MANILA – Double-digit increases in the importation of consumer goods and mineral fuels and lubricants drove imports growth back to positive territory in October 2014, according to the National Economic and Development Authority (NEDA).

The Philippine Statistics Authority reported today that total Philippine imports grew by 7.5 percent to US$5.2 billion in October 2014 from US$4.8 billion in October 2013. This shows a significant rebound from a 1.2-percent contraction in September 2014 and an 8.2-percent decrease in October 2013.

Total imports reversed its trend as the three-month moving average growth rate for the month picked up to 2.4 percent from four consecutive months of contractions since June 2014.

“The seasonal uptick in consumer spending during the last quarter of the year, coupled with cheap oil prices and lifting of the truck ban in Manila, starting in mid-September, supported imports growth for the period,” said Economic Planning Secretary Arsenio M. Balisacan.

The Philippine imports of consumer goods amounted to US$959.2 million in October 2014, higher by 35.8 percent from US$706.1 million in the same period last year.

 “Strong consumer goods imports may indicate that domestic consumer demand remains strong in the fourth quarter. The recovery in semi-processed raw materials and intermediate goods also bodes well for domestic economic activity and exports,” said Balisacan, who is also NEDA Director-General.

 “The Philippines also recorded the second highest annual increase in imports among selected economies in the East and Southeast Asian region for October 2014,” the Cabinet official said.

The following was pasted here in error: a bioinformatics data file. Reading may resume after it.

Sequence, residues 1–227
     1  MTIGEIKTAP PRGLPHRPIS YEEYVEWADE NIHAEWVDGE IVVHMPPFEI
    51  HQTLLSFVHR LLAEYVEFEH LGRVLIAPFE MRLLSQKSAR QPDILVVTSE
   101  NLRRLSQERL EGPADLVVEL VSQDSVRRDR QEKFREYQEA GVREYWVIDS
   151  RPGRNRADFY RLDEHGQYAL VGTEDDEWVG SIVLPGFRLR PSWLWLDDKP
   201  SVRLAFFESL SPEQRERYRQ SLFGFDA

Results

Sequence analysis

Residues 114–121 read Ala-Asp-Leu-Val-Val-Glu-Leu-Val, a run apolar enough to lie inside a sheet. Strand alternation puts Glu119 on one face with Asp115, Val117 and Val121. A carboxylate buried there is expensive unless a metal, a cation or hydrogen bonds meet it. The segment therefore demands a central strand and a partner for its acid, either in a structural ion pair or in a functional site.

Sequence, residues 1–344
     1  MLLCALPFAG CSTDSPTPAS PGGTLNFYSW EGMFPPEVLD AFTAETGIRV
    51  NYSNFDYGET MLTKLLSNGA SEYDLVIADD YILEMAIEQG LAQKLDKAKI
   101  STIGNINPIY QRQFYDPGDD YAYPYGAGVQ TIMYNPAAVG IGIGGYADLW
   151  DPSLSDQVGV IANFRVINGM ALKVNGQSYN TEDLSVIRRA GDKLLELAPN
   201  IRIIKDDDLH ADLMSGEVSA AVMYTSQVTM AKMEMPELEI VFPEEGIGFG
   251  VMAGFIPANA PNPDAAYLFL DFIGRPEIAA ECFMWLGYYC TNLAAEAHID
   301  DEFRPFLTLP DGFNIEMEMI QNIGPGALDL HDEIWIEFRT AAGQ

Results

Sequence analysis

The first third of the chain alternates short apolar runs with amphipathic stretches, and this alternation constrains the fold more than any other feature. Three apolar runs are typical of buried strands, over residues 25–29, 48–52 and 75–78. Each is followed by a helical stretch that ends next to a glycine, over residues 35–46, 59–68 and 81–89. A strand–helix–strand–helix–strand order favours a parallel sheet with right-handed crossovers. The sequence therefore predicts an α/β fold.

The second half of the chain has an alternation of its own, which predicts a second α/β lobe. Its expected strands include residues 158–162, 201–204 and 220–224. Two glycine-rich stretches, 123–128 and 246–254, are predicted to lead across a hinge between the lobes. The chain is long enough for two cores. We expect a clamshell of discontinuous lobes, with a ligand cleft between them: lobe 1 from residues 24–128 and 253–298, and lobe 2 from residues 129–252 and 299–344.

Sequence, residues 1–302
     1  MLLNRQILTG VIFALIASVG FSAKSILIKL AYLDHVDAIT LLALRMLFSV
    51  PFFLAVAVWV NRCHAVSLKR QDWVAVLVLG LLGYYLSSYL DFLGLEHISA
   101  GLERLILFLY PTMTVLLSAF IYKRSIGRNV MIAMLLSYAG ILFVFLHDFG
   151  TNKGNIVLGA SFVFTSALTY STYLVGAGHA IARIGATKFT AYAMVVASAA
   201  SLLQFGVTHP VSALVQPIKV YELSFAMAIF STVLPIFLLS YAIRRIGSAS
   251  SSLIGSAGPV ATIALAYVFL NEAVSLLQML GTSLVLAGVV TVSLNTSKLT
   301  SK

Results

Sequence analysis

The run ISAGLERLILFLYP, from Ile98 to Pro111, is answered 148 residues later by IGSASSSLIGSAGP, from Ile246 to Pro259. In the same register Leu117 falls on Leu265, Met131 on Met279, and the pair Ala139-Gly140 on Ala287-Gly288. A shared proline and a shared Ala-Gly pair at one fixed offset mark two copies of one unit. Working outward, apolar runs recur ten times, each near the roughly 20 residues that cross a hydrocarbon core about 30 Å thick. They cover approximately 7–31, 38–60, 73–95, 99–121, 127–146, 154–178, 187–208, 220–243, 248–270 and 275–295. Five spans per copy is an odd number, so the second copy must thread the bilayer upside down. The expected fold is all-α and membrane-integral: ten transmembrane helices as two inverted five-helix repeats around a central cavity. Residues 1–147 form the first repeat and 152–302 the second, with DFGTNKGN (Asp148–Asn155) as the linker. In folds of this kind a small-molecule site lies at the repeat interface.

Viet Nam led the region with 12.6 percent imports growth and Malaysia at third with 6.1 percent. Other countries experienced a decline such as Hong Kong (-1.2%), Taiwan (-1.4%), Indonesia (-2.2%), Republic of Korea (-3.0%), Thailand (-4.9%), Japan (-6.7%), and Singapore (-7.5%).

However, the import value of capital goods fell again on an annual basis by 1.6 percent in October 2014 from US$1.50 billion last year to US$1.48 billion. Also, imported raw materials and intermediate goods reached US$1.87 billion in October 2014, slightly lower by 0.8 percent from US$1.89 billion in the same month last year.

“In the near-term, the acceleration of the manufacturing sector could support stronger imports of raw materials and intermediate goods in the coming months, in time for the surge in domestic demand during the peak of the holidays towards the yearend,”

On the other hand, the value of imported mineral fuels and lubricants posted a double-digit growth of 18.7 percent to reach US$852.8 million in October 2014 from US$718.3 million in October 2013, possibly boosted by the downward trend in the international prices of oil.

“The business sector and oil-dependent industries will likely continue to take advantage of the cheap oil prices as this significantly reduces cost of operations. The manufacturing, transportation and energy subsectors in particular are likely to benefit. The government should ensure that these benefits are appropriately passed on to consumers,” he said.

The People’s Republic of China continued to be the main supplier of the country’s import requirements in October 2014 with a 16.4-percent share, followed by Japan (8.6%), Taiwan (7.9%), and the United States of America (7.8%).